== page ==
A growing body of evidence supports the concept of an important role for the monocyte-macrophage system in the suppression of neoplasia. Human or murine cells of the monocyte lineage can be activated by lymphokines, bacterial lipopolysaccharides (LPS), muramyl dipeptides (MDP), or by other signals to kill neoplastic cells while sparing normal ones. An important biochemical event apparently related to the enhanced cytotoxicity and microbicidal potential of activated macrophages is their increased ability to generate the superoxide anion (O2-) and hydrogen peroxide. Recently, findings from several laboratories indicated that liposomal encapsulation of macrophage activators, such as certain lymphokines or MDP, can markedly augment the ability of these substances to render rodent macrophages tumoricidal both in vitro and in vivo. These observations raise the possibility of using liposome-encapsulated macrophage activators to treat neoplasms in man. Several important questions remain to be answered, however, including whether the observations on rodent cells can be extended to human monocytes and the nature of the mechanisms underlying the augmented potency of liposome-encapsulated macrophage activators. We report herein the in vitro effects of a series of MDP derivatives on human peripheral blood monocytes, when these agents were presented in either free or liposome-encapsulated form. Several of the derivatives, especially lipophilic 6-0-stearoyl MDP, could prime human monocytes to increased superoxide production and to enhanced tumoricidal activity. Encapsulation of active MDP into liposomes resulted in an approximately 100-fold reduction in the concentration required to maximally activate monocytes. This may, in part, be explained by our observations that a radiolabeled MDP derivative is taken up much more effectively by human monocytes when presented in liposomal form rather than free form.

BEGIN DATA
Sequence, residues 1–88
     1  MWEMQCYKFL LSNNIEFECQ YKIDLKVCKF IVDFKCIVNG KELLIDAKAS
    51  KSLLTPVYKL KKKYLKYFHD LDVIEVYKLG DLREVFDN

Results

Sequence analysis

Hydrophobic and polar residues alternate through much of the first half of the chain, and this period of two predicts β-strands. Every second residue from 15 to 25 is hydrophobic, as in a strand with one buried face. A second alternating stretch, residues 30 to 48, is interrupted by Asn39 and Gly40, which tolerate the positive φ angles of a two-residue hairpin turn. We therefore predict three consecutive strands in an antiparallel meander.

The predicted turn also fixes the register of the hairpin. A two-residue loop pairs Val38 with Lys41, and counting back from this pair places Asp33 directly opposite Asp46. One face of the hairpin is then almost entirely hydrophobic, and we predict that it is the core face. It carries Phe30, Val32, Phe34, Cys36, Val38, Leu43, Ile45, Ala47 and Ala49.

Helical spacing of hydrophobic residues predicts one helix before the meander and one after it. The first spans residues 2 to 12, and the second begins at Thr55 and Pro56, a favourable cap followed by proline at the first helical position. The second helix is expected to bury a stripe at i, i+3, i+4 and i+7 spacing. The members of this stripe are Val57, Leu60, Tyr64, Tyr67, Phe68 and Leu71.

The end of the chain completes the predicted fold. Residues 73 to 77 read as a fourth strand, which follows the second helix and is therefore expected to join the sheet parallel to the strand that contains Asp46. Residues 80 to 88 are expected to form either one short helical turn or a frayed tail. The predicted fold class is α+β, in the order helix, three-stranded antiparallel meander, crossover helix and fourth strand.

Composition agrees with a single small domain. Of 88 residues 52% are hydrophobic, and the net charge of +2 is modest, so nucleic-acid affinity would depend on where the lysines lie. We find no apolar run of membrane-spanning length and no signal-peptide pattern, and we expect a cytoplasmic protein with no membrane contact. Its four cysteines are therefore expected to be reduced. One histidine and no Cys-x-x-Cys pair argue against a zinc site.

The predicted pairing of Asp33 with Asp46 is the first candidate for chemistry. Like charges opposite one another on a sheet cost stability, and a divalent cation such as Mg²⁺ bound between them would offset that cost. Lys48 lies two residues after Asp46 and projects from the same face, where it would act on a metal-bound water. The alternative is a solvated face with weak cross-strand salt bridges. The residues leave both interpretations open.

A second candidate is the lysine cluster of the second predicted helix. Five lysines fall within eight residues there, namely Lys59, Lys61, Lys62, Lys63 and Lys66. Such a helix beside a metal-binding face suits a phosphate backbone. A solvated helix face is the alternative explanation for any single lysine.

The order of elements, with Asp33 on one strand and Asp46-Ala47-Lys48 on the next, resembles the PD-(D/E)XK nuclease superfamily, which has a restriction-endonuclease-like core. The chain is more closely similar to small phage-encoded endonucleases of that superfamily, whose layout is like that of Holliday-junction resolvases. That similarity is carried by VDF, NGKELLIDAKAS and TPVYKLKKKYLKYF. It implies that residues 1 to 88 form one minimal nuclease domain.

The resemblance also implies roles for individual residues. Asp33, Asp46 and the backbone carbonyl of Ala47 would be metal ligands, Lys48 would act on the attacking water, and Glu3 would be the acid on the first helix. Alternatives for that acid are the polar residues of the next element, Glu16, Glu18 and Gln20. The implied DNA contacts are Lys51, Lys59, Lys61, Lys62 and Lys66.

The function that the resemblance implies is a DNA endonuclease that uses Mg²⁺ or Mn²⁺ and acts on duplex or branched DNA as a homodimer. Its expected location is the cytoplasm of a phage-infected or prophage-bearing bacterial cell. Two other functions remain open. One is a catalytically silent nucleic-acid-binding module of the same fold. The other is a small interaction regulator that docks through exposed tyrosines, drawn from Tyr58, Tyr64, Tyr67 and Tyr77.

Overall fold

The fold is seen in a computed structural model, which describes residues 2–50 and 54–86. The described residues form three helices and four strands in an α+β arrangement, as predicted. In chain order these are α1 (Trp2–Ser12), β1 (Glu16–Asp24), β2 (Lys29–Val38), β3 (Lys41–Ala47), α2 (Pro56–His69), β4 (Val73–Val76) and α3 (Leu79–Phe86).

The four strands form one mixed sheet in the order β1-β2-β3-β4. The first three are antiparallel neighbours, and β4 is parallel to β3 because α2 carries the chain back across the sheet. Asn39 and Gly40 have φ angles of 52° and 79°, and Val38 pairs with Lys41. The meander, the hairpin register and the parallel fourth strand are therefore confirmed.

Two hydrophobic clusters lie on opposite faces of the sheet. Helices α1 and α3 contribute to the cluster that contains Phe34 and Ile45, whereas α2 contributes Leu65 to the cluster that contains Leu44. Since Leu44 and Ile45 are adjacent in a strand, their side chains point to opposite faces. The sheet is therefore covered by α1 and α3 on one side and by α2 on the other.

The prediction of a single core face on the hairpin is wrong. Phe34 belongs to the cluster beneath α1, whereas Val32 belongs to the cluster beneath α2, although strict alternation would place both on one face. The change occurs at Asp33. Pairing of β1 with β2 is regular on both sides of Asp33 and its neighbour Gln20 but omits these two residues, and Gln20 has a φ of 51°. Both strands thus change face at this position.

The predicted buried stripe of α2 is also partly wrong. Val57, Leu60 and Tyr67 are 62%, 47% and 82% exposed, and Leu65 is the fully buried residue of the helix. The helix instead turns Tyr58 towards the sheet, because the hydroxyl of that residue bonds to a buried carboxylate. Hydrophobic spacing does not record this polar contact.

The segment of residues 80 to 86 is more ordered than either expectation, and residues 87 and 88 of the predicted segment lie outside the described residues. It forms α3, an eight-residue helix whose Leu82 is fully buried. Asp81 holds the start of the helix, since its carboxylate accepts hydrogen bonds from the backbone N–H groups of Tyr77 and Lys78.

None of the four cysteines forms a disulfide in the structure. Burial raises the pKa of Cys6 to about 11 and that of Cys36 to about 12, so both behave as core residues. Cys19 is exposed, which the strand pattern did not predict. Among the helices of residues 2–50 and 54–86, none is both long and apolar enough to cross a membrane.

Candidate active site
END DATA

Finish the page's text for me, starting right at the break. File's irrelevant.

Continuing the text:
|Original language||English (US)|
|Number of pages||3|
|Journal||Journal of Immunology|
|State||Published - 1983|
ASJC Scopus subject areas
- Immunology and Allergy